Nazi Party in Mandatory Palestine

The Nazi Party in Mandatory Palestine, also referred as the Nazi Party of Palestine and the Levant was a local branch of the Nazi Party in British-ruled Mandatory Palestine, established by members of the German Templer colonies in Palestine. The branch was established in March 1933[1] and gradually eradicated during the World War II by the British authorities via deportation of its members and their families. Some of the party members enlisted into the Nazi German military and participated in operations on behalf of the axis powers, notoriously including Operation Atlas targeting Mandatory Palestine.

National Socialist Party of German Workers in Palestine and the Levant (NSDAP)





After the Nazi takeover in Germany the new Reich's government streamlined foreign policy according to Nazi ideals, imposed and regulated financially. The Nazi emphasis was on creating the image that Germany and Germanness were equal to Nazism. Thus, all non-Nazi aspects of German culture and identity were discriminated against as un-German. All international schools of German language subsidised or fully financed by government funds were obliged to redraw their educational programs and to solely employ teachers aligned to the Nazi Party. The teachers in Bethlehem were financed by the Reich government, so Nazi teachers also took over there.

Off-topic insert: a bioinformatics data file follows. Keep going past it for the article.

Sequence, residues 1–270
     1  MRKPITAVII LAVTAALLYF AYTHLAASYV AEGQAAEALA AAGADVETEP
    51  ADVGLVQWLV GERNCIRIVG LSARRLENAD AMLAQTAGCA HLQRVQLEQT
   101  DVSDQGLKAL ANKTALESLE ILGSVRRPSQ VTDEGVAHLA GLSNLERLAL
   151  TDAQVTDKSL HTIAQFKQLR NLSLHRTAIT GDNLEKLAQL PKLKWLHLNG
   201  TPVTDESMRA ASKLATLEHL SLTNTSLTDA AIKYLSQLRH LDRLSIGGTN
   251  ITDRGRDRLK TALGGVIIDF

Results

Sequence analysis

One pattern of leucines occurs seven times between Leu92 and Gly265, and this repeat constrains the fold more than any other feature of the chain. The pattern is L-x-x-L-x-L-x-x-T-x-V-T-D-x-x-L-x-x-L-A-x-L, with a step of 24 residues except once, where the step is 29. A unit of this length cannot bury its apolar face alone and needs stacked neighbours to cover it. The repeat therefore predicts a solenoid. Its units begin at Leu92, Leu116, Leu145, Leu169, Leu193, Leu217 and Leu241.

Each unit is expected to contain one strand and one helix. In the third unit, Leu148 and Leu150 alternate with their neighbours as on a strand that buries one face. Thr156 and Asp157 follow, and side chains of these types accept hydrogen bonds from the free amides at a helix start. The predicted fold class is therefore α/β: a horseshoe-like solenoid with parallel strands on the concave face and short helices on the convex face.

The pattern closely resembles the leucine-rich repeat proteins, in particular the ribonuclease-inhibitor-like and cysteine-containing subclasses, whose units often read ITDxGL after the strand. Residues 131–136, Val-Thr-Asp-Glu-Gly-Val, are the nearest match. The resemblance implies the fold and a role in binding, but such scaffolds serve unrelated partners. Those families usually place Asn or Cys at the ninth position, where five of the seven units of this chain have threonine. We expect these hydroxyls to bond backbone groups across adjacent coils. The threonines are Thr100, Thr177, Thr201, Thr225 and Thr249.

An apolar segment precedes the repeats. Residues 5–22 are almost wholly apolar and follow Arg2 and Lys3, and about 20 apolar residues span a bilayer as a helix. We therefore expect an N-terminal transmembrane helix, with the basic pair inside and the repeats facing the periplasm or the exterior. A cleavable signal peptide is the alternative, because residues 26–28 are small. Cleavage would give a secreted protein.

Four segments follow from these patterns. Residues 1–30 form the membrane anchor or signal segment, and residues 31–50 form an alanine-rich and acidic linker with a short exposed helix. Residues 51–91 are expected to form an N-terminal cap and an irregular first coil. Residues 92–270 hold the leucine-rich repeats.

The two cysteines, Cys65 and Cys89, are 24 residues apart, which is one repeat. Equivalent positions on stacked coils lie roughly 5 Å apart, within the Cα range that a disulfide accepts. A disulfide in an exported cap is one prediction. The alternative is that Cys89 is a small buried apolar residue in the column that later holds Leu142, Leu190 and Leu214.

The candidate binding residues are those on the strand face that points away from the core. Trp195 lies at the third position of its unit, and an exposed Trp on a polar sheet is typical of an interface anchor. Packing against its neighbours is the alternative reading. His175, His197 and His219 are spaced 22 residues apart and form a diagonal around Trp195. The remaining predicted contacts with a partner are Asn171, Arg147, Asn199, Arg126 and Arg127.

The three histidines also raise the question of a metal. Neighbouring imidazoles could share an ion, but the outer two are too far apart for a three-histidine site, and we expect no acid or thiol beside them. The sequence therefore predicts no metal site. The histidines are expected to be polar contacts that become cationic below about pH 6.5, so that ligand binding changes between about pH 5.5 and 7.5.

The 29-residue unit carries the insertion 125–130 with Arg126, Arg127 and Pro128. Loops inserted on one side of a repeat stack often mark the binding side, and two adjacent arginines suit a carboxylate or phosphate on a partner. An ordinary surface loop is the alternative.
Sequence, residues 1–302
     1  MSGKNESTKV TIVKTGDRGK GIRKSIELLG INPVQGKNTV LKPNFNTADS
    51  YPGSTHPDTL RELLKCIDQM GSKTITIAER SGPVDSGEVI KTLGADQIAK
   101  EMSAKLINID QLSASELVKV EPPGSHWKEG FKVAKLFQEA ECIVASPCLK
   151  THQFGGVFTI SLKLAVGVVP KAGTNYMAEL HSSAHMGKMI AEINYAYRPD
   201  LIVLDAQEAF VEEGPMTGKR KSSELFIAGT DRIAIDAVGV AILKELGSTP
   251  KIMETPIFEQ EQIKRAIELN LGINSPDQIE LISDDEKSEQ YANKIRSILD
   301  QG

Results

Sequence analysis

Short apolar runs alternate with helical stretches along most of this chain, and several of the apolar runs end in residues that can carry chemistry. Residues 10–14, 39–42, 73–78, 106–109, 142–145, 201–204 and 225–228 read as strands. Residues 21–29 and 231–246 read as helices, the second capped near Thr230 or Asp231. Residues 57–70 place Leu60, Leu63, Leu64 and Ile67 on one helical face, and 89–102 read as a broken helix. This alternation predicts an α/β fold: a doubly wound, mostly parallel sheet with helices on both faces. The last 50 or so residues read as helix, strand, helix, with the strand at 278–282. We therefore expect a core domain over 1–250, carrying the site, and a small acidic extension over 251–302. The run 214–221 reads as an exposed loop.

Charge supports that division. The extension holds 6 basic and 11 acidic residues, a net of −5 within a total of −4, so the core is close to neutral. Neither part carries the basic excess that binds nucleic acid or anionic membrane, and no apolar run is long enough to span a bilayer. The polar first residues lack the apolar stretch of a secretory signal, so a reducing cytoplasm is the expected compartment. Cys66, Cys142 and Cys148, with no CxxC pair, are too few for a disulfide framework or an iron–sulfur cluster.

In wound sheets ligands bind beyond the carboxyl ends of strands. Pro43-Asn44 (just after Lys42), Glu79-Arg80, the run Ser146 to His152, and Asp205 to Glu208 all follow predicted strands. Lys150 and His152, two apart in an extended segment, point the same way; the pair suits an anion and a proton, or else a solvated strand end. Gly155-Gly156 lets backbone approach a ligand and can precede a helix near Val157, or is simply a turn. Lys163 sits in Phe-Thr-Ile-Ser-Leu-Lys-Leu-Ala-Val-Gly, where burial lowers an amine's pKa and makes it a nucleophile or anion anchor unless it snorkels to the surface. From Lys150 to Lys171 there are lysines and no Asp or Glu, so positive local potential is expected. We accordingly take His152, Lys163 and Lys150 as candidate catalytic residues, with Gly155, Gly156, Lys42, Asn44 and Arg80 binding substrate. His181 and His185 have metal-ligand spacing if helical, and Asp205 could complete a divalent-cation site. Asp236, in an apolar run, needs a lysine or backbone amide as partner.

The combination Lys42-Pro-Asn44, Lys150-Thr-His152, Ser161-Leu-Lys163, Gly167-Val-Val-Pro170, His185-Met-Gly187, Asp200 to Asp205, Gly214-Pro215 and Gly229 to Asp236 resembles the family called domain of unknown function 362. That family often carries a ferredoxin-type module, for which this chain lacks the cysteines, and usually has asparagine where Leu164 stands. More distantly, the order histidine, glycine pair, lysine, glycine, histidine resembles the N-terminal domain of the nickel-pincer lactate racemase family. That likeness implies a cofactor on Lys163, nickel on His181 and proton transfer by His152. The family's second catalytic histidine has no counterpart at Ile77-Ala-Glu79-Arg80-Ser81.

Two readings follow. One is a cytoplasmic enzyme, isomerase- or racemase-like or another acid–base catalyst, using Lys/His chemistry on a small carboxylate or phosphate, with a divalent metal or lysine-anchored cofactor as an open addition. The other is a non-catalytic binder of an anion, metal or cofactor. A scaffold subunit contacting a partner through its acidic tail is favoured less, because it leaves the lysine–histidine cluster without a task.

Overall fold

Karl Ruf from Haifa set the two chapters of the Nazi Party Palestine branch in Sarona and Jaffa in March 1933, but during most of the time it was Cornelius Schwarz who served as head of the party.[1] In 1933, Templer functionaries and other Gentile Germans living in Palestine appealed to Paul von Hindenburg and the Foreign Office not to use swastika symbols for German institutions, though without success. Some German Gentiles from Palestine pleaded with the Reich government to drop its plan to boycott Jewish owned shops, in April 1933.[2] Some Templers enlisted in the German Army. In the summer of 1933 the party numbered 42 members.[1]